Reckoning time: Trump checks in for another medical checkup

President Donald Trump underwent an extensive health checkup Friday, a year after his doctor advised him to up the exercise and cut the calories

Trump spent more than four hours at Walter Reed National Military Medical Center for a checkup supervised by Dr. Sean P. Conley, his physician, and involving a panel of 11 specialists.

He did not go into detail except to say Trump did not undergo any procedures requiring sedation or anesthesia. He said reports and recommendations stemming from the exam were still being finalized. It's unclear how much more detail will be released in the coming days.

Last year, Trump clocked in at 6-foot-3 and 239 pounds. He had a body mass index, or BMI, of 29.9, putting him in the category of being overweight for his height. A BMI of 30 or more is considered obese.

His doctor then said the president was in "excellent health" but would do well to drop 10 to 15 pounds and shift to a low-fat, low-carb diet and take up a more defined exercise routine.

One of the big questions Friday was how well Trump heeded that advice.

Trump, 72, doesn't drink alcohol or smoke, but he's not a big fan of the gym either. His primary form of exercise is golf. And he says he gets plenty of walking in around the White House complex.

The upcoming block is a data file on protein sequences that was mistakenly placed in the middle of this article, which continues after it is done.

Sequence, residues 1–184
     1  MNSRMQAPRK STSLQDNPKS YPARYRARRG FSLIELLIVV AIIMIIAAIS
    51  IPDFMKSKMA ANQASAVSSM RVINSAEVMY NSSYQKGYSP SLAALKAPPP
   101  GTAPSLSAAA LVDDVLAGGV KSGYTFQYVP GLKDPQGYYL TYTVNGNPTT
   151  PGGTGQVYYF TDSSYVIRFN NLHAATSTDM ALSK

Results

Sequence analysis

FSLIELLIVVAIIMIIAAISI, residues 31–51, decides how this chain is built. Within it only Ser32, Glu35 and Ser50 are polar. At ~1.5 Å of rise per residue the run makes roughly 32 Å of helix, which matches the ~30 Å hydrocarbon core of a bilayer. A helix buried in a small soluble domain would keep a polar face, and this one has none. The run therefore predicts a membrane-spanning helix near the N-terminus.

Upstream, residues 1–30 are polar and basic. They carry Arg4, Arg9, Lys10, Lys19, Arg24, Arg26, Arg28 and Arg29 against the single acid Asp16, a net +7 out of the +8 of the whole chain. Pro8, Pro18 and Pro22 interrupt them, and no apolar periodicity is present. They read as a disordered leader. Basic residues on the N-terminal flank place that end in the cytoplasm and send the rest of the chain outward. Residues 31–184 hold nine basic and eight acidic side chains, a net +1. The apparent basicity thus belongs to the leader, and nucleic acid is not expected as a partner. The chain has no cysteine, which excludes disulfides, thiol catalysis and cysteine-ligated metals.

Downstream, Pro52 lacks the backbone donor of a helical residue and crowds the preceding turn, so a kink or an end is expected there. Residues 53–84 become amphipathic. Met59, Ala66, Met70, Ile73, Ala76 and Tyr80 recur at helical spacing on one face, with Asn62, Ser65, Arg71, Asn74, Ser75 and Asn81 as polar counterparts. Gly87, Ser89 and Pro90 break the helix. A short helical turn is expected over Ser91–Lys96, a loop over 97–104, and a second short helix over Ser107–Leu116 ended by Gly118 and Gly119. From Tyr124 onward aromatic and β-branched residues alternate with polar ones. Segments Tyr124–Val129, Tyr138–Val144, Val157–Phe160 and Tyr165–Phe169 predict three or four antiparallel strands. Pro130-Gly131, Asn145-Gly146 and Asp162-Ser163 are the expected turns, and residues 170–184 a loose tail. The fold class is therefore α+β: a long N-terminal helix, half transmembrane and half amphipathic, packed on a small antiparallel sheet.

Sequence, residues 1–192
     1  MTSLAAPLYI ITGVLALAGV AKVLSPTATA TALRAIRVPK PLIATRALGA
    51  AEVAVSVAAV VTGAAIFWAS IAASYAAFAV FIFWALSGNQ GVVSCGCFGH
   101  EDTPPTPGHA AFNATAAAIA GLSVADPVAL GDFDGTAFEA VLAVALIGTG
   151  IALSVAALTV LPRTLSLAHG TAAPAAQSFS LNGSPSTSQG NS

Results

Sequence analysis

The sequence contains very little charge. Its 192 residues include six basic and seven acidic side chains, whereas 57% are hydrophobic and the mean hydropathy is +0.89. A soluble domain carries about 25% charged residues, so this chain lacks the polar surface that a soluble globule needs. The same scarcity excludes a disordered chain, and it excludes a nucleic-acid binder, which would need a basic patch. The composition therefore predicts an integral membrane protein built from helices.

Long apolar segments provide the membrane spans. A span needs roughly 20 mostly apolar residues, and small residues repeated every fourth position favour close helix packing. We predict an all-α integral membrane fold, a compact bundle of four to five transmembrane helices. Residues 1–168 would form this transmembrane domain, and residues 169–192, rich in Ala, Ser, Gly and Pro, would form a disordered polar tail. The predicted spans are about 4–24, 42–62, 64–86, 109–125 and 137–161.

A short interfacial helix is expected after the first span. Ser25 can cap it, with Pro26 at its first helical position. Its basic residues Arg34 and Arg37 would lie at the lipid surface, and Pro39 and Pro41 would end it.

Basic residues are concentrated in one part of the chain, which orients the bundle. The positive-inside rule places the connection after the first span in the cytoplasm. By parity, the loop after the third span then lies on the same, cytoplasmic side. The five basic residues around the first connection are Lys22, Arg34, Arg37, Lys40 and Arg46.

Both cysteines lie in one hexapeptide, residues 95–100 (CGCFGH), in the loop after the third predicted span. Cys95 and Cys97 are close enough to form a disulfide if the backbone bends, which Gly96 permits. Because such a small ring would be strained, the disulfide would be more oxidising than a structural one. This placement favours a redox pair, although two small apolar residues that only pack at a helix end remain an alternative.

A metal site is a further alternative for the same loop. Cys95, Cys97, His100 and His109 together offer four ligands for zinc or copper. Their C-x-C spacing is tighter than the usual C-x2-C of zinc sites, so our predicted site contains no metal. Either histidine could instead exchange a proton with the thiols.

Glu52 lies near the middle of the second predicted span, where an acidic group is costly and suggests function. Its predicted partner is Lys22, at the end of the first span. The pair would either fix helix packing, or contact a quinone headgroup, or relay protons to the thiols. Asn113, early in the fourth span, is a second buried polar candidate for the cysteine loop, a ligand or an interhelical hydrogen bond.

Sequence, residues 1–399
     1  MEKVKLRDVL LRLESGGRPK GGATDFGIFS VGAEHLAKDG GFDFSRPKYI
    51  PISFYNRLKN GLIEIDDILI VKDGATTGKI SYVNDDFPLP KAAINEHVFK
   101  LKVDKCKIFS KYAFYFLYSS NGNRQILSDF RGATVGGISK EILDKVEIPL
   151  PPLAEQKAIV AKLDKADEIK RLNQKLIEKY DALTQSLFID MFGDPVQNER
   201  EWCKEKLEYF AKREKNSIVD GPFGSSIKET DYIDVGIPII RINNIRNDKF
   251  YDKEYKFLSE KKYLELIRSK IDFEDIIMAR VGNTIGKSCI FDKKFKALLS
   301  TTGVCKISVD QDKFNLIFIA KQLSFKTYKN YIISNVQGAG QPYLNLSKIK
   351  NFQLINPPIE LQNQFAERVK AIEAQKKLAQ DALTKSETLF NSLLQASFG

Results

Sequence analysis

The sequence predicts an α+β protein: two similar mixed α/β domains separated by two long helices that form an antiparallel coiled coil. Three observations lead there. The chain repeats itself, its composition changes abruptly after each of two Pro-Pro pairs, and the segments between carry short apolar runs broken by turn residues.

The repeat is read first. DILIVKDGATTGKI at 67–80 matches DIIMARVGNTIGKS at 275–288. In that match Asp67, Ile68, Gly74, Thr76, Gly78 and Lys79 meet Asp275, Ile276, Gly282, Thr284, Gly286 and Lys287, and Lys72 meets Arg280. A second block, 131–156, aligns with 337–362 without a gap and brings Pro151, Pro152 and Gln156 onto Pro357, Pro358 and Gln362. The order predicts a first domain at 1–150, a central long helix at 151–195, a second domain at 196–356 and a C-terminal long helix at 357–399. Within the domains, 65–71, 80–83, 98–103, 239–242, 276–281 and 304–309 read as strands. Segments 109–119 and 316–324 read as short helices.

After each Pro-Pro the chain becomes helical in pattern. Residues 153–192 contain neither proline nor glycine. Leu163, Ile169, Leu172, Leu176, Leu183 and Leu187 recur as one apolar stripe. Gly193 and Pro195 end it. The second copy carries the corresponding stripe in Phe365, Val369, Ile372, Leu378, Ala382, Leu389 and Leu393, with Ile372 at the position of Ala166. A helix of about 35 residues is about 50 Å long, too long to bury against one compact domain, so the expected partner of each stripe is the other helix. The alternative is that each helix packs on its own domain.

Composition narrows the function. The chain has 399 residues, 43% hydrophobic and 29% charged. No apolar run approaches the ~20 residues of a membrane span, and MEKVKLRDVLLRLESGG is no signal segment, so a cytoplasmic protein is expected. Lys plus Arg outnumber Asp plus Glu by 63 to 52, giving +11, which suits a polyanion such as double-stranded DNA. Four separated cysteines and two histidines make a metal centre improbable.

Modern-day presidents have undergone regular exams to catch any potential problems but also to assure the public that they are fit for office, something Trump's doctor last year took to an extraordinary level.

After Trump's first exam as president, Dr. Ronny Jackson, a Navy rear admiral, declared Trump to be in "excellent health." He also said of Trump: "He has incredibly good genes, and it's just the way God made him."

Conley replaced Jackson after Trump nominated the latter to lead the Veterans Affairs Department. The nomination ran into trouble early as lawmakers questioned his qualifications to run the government's second-largest department. Also, current and former colleagues accused Jackson of professional misconduct, including loosely dispensing medications and on-the-job drunkenness. Jackson denied the allegations but eventually withdrew his nomination.

Last year, doctors checked the president's eyes; ears, nose and throat; heart; lungs; gastrointestinal tract; skin; and teeth. Neurological, cognitive and stress tests were also performed. Trump's hearing was not tested; Jackson said he ran out of time. The exam stretched past four hours.

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Associated Press writer Darlene Superville contributed to this report.